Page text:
Tuesday, December 6, 2022

RIP Bob McGrath

Bob McGrath passed away.  Who was Bob McGrath?  He was one of the original cast on "Sesame Street".  He was the one who reminded me of a friend and coworker of my dad.  That's why he stood out in my mind as a child.

I was never a big Sesame Street fan.  I didn't watch much TV growing up.  As a kid, the only 'must see' kid's show for me was an old Japanese cartoon called 'Kimba the White Lion."   In the evenings I watched reruns of "Hogan's Heroes" and "Combat!"   Otherwise there wasn't much must-see television for me. 

But Mr. McGrath holds a special place in my memories.  When I turned five, my parents moved from our house in the country and bought a house in town.  It was actually the house that was a nursery school my parents took me to the year before.  A small little ranch next to a hive of troublemaking kids.  My days of quiet and carefree fun in the county had come to an end. 

It was right before Christmas, and I remember looking out the back sliding door at the row of snow covered houses facing away from us beyond our back yard.  I remember the smoke coming out of their chimneys in a scene straight out of a Hallmark greeting card.  Living in the country, I wasn't used to seeing that many houses in one place.  Dad was busy working to improve the house we hadn't settled into yet.  Mom was consoling me since it was a big move.  The only house I could remember was a thing of the past.

To help, they got me, among other things that year, a record of Sesame Street sing-alongs.  The first song on the record?  "People in Your Neighborhood" by none other than Mr. McGrath.  I can still see that little record player, and the primary colored record spinning as McGrath introduced us to policemen, mailmen, and others whose names would eventually need changed.  

Again, I never watched Sesame Street much.  For that matter I was one of the few in my school who didn't sit clued to the TV when "The Muppet Show" was all the rage.  Just not my cup of tea.  But I appreciated what it was in its early days and the genius that went behind its creation.  Beyond that, one part is forever engrained in my childhood memories, and that just happened to involve Mr. Bob McGrath.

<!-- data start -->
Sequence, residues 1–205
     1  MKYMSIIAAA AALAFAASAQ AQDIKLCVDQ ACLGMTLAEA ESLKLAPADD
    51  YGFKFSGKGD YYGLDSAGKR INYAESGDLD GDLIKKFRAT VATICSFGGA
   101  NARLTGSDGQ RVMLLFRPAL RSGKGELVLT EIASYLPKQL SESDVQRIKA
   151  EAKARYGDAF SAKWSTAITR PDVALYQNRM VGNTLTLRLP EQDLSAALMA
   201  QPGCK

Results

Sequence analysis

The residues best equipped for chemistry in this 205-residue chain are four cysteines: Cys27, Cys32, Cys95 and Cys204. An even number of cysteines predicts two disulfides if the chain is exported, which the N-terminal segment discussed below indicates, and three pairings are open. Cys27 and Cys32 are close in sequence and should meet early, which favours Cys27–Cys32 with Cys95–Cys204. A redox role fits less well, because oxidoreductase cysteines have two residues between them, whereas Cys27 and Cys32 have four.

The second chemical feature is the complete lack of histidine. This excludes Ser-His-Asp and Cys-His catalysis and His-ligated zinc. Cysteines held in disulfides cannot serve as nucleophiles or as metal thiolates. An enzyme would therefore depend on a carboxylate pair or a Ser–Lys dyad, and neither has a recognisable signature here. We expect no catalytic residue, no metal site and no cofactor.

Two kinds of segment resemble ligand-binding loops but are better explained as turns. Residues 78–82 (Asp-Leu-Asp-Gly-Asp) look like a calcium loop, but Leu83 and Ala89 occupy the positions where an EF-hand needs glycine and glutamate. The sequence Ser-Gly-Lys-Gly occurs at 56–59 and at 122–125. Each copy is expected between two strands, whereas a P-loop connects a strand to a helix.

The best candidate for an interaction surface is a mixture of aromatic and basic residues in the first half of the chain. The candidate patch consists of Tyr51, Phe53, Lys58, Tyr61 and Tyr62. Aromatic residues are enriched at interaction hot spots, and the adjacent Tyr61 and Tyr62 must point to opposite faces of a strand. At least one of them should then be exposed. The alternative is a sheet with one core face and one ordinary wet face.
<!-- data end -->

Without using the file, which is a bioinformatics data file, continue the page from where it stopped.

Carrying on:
So RIP Mr McGrath, and thanks for the memory.  


  1. The former program was a PBS offering by the Children's Television Workshop (which recruited Jim Henson's crew). Sesame Street is the last survivor of a trio of programs produced by the Workshop for different age groups which debuted between 1968 and 1973. Fred Rogers' program was produced by a different crew under his direction.

    The latter was a syndicated entertainment program produced by Henson himself.

    The Muppets can be enjoyed by just about anyone. We have some old DVDs. As for the other four programs, see Fran Leibowitz on educational television.

  2. Bob Keeshan (Captain Kangaroo) was on commercial television for 30 years, with Hugh Brannum and puppeteer Cosmo Allegretti as his sidekicks nearly all that time. Bob Homme's program (The Friendly Giant) was produced on Canadian television and syndicated in the United States. You also had The CBS Children's Film Festival introduced by Fran Allison with Burr Tillstrom as puppeteer. There was always something goofy and embarrassing about the CTW offerings and Fred Rogers' work not found in these other programs.

    1. I remember Captain Kangaroo. For one year my family movied outside of town - when I was 3rd grade. The CK show came on right before the bus came. So I came to associate the opening theme (Good morning captain!) with knowing it's time to get up and watch for the bus. But otherwise, I wasn't much of a kids show viewer. My sister watched more of such shows (I remember a show called Romper Room). But me? Not much.

    2. My sister watched more of such shows (I remember a show called Romper Room). But me? Not much.

      Romper Room was a franchise, rather like Bozo the Clown. A local program was produced for each market. IIRC, the host was always female and it was pitched to age 3.

    3. Ah, I did not know that. I always wondered how old Bozo - who appeared on local stations - was known all over America. Romper Room was before my time (or that is when my sister - who is almost 9 years my senior - would have liked it). I remember my sister and parents talking about it in later years. I think I might have seen it when I was young. Again, didn't usually dwell on television for kids. IIRC, my sister talked of some mirror or looking glass she would use. That's about the extent of my grasp of it.

  3. https://www.youtube.com/watch?v=RjPYeloMx7s

    McGrath in 1966, pre Sesame Street. He was earning a living as a performer.


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